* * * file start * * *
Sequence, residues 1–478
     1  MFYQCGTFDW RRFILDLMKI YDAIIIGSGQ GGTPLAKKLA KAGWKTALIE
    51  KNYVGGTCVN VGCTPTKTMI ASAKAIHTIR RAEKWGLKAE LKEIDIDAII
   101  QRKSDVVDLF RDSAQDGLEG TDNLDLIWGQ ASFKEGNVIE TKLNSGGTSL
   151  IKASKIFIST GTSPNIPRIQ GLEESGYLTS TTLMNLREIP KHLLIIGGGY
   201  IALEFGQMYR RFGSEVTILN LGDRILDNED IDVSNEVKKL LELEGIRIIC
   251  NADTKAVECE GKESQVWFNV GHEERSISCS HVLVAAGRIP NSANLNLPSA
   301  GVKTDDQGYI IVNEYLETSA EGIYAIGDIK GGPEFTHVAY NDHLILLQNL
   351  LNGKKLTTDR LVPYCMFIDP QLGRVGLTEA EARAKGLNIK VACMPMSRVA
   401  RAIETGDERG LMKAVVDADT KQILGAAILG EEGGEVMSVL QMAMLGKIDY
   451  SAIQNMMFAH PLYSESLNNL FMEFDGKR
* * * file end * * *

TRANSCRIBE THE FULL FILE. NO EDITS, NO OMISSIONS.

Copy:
Sequence, residues 1–478
     1  MFYQCGTFDW RRFILDLMKI YDAIIIGSGQ GGTPLAKKLA KAGWKTALIE
    51  KNYVGGTCVN VGCTPTKTMI ASAKAIHTIR RAEKWGLKAE LKEIDIDAII
   101  QRKSDVVDLF RDSAQDGLEG TDNLDLIWGQ ASFKEGNVIE TKLNSGGTSL
   151  IKASKIFIST GTSPNIPRIQ GLEESGYLTS TTLMNLREIP KHLLIIGGGY
   201  IALEFGQMYR RFGSEVTILN LGDRILDNED IDVSNEVKKL LELEGIRIIC
   251  NADTKAVECE GKESQVWFNV GHEERSISCS HVLVAAGRIP NSANLNLPSA
   301  GVKTDDQGYI IVNEYLETSA EGIYAIGDIK GGPEFTHVAY NDHLILLQNL
   351  LNGKKLTTDR LVPYCMFIDP QLGRVGLTEA EARAKGLNIK VACMPMSRVA
   401  RAIETGDERG LMKAVVDADT KQILGAAILG EEGGEVMSVL QMAMLGKIDY
   451  SAIQNMMFAH PLYSESLNNL FMEFDGKR